Apple demands to cut 30% of promoted social posts in another blow to the meta

Monopoly is a fun board game that you can play where you try to eliminate your opponents.

Monopoly is a fun board game that you can play where you try to eliminate your opponents.
picture: LightField Studios (stock struggle)

Apple released an update to its payment guidelines on Monday, requiring apps to use the company’s in-app purchase tool for “boosts” and promotional posts, meaning Apple will cut their sales by 30%. This move appears to be another policy that directly targets Meta (formerly Facebook).

A variety of applications allow users to promote their content for a small fee. Want more people to see your tweets, your dating profile, or the old video game you’re trying to sell? Twitter, Tinder, and eBay will sell you a ‘batch’ To raise it higher in the feed. For years, this seemed to fall into a gray area in App Store policies. Apps that sell “virtual goods” supposed to To use the iPhone’s in-app payment system, which comes with a hefty service fee. This was true for a long time. But that policy wasn’t always enforced when it came to boosts, and some apps, like Facebook, got away with taking payments directly and avoiding Apple’s hefty fees. Apple declined to comment.

Some apps, including Twitter and Tinder, already use the in-app payment tool for boosts and promoted posts, but Facebook doesn’t. Apple will likely make a significant amount of change when it begins to enforce this policy more stringently, although Meta may challenge the change. The social media giant is already locked in a public battle with Apple over recent policy changes, and an adjustment to in-app payment requirements will likely add fuel to the fire. Another iPhone policy change last year that cost Meta billions of dollars in lost advertising revenue, which Apple is now working to absorb through a number of New advertising projects.

Meta spokesperson Tom Channick reportedly said in a comment to the edge. “Apple previously said it didn’t take a share of developer advertising revenue, and it seems to have changed its mind now. We remain committed to offering small businesses simple ways to run ads and grow their businesses on our apps.”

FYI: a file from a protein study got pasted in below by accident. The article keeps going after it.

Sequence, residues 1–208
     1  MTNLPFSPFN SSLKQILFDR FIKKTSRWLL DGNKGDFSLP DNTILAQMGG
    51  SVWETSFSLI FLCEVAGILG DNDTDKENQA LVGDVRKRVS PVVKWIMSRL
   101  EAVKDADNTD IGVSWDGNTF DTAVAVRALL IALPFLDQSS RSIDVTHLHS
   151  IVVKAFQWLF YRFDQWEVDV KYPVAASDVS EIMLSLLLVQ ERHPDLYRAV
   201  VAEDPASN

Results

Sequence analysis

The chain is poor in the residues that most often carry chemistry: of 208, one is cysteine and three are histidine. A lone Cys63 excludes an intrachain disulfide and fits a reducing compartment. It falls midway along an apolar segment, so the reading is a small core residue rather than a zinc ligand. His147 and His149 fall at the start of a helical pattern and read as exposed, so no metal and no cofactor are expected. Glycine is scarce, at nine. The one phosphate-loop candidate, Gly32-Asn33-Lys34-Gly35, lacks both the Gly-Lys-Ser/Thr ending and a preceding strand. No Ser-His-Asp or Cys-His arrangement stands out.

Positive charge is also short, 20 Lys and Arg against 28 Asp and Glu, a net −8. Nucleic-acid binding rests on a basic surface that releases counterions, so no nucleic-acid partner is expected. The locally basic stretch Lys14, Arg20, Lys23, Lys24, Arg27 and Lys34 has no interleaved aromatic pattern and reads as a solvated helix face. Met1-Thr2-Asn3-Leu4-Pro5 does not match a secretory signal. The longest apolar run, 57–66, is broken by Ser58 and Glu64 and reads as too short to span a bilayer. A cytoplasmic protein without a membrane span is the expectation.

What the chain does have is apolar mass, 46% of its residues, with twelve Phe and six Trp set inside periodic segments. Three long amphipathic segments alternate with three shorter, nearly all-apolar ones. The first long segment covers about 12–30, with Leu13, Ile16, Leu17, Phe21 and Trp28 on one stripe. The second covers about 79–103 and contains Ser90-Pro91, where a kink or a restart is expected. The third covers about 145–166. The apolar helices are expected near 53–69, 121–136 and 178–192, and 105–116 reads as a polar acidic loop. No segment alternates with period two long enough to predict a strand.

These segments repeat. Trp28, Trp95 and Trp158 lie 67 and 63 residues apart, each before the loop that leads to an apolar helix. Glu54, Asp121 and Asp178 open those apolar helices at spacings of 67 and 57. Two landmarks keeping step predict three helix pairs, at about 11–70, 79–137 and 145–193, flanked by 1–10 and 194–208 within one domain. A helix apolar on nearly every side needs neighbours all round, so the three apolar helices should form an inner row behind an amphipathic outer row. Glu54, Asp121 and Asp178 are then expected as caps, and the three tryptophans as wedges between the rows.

This new update is aimed at ads that boost the visibility of social media posts, but there’s a cutout for more traditional types of ads, so Meta’s larger business model isn’t affected by the move. This policy is an example of Apple’s market power. They control the App Store, and this is the only official way to get your app on iPhones. Apple can charge developers whatever they want as long as they can get away with it. In some areas, you can’t get away with it: South Korean law enforcement raided Apple’s headquarters after persistent complaints of overcharging from iOS developers. Meta did not respond to a request for comment.

The enhancements policy update is part of a broader effort to crack down on apps, forcing developers to kiss Apple’s ring and use in-app payment or risk being kicked out of the marketplace.

Regulators in other countries, where competition rules are more stringent, have forced Apple to allow apps to use other payment systems that do not take such a large share of the revenue. Google faced scrutiny of similar policies in its Play Store and was fined up to $113 million this week for not allowing third-party payments. Last year, Epic Games won Major lawsuit against Apple After Fortnite was kicked out of the App Store for providing third-party payment options. A judge ruled that Apple cannot prevent app developers from including links to other payment systems.

Apple says it only takes this money to protect you. The company reviews apps for security, privacy, and fraud issues, including checking for payment systems. CEO Tim Cook has argued that it is expensive to maintain, and a 30% reduction is a reasonable fee because the money is needed to protect consumers, which benefits developers as well, as it creates a trusted marketplace.

Apple invented the App Store. Proponents (and Tim Cook) argue that the company should be able to ship what it wants. But looking at this another way, the App Store is not a single and regular service, but rather a gateway to every other iPhone app. Critics say 30% is a lot more than Apple needs to pay for an app review, and what’s really going on here is a monopoly trampling around, charging protection money to anyone who wants to cross the gates of Cupertino.

Update: 10/26/2022 9:40 a.m. ET: This story has been updated with a comment from Meta.

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